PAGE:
January 2024

Fair value is one of the four Consumer Duty outcomes that the FCA sees as forming the key elements of the firm-consumer relationship. As such, it sits alongside the products and services, consumer understanding and consumer support outcomes — but, as firms have experienced, it is the most integrated of outcomes. This is why the FCA holds it in such high regard as being illustrative of whether firms have culturally embraced the Duty.

If done well, fair value assessments can be used to generate deeper insights into your customer base

Under the fair value outcome, the FCA has challenged firms to evidence that the total price paid is reasonable in relation to the benefits. The FCA has not provided detailed guidance (although some indicators are starting to be shared of good and poor practice) on how firms should go about undertaking this assessment, emphasising the outcomes-based approach to the Duty. It has indicated that firms can consider many factors, including costs, benefits, and utility to customers, as well as market rates for comparable products.

The FCA has been at pains to emphasise that fair value is not just about price, and that firms should look carefully at the benefits and features of the product and how these meet the needs of the target market and individual customer segments within that. Firms should ask themselves whether the product and service is performing as expected, and then whether the price is reasonable in the light of that performance. It's not about the lowest price solution being necessarily the best value. 

Obscure prices, unclear choice architecture, and unsuitable products are less likely to offer value. 

The FCA has left significant discretion to firms to decide how best to assess fair value on a sector-by-sector basis and what factors should be included in the assessment. This has led to some differences in approach as firms are familiar with the concept of benchmarking their prices to their competitors but are less familiar with assessing the reasonableness of prices in relation to the costs and benefits to consumers. Benchmarking alone (or over-relying upon it) will not meet FCA's expectations. 

Most firms have completed fair value assessments on their entire front book product suite, and FCA is reviewing a selection of these and we expect it to provide feedback in due course. But the FCA does not want this to become a tick box exercise. It wants boards to be looking critically at customer outcomes and providing challenge to the executive, and to have the right MI and data to do that. So there is still a lot of scope for firms to be creative about the kinds of data and metrics that they use to support their fair value assessments.

This brings both challenges and opportunities. On the one hand, the lack of prescriptive framework means that there is some uncertainty and ambiguity about what is necessary. But on the other hand, this presents a big opportunity to harness data flexibly and dual-purpose it to deepen consumer insights and leverage this insight for commercial purposes too. For example, analysis of customer transaction data to highlight patterns and trends in consumer behaviour can be overlaid with customer insights from surveys and focus groups to get a deeper understanding of what's driving that behaviour. This can help to design products and services that are more tailored towards the needs of specific customer groups, potentially increasing customer loyalty and retention, as well as meeting the Consumer Duty requirements more fullly.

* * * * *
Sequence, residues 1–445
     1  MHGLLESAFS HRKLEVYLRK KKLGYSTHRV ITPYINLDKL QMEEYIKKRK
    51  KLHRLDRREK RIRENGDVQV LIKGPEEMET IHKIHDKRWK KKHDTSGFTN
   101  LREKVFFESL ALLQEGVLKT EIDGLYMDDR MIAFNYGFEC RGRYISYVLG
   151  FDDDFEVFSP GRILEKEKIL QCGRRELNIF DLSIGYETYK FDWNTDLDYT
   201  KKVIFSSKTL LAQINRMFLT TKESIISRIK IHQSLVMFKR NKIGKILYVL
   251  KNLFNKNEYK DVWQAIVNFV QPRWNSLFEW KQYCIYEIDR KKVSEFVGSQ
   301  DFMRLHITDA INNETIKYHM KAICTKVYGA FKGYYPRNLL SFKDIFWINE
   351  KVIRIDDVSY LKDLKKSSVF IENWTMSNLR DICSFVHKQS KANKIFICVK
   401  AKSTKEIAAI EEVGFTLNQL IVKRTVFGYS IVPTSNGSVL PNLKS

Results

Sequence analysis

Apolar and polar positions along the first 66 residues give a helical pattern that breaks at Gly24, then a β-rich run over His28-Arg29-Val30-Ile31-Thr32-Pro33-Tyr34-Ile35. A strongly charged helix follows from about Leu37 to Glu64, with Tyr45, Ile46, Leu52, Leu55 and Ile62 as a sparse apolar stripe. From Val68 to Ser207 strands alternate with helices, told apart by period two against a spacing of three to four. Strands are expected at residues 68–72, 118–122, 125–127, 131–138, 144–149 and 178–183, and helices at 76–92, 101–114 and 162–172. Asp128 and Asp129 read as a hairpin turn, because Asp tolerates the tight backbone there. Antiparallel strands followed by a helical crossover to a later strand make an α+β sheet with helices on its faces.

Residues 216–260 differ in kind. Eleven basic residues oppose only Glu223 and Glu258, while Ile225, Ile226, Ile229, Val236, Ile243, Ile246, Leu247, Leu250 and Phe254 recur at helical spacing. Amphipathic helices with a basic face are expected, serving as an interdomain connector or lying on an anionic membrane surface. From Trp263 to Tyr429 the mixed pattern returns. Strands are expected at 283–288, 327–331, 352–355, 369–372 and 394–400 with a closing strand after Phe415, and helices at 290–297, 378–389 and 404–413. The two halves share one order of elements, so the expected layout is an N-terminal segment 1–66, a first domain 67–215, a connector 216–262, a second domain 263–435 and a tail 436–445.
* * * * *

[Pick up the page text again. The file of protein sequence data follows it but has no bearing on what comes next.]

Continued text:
Fair value is a journey, and improvements are required

The FCA is emphasising that the Consumer Duty is a journey and that it is looking to see firms making continuous improvements. In respect of fair value, it has stated that it is looking to see improvements in firms' approach and framework; execution of this approach and quality of data and MI; and in the actions that are taken as a result. The FCA has made clear that fair value assessments should be data-driven, and multi-dimensional — spanning product and service usage and performance, customer understanding, and price — and should enable consideration of outcomes for multiple customer cohorts including vulnerable customers. 

KPMG in the UK has reflected on where improvements can be made on the price & fair value outcome. 

1. Improve the fair value framework

  • Consider whether your approach is sufficiently comprehensive, and whether it encompasses consideration of elements such as product and service usage, product and service quality, product limitations, and customer understanding — as well as pricing.
  • Think carefully about how a product or service could lead to foreseeable harm, taking into account contextual factors such as:
    • Different market sectors and the needs of customer groups in these sectors.
    • Consumer characteristics and behavioural biases.
    • Interactions with other products held.
  • Consider the pricing model and whether there are any elements of the pricing model and approach that could lead to foreseeable harm, for example to specific groups of customers depending on their use of the product and/or the complexity and opacity of prices.
  • Ensure adequate consideration of the firms' profits margins as part of the assessment framework. This may require greater insight into the cost base (and how it can be allocated between products and types of fees. For a more in-depth exploration of costs, please see our previous fair value article.)
  • Ensure you have taken account of the FCA's emerging best practice guidance on Fair Value.

2Improve quality of data and MI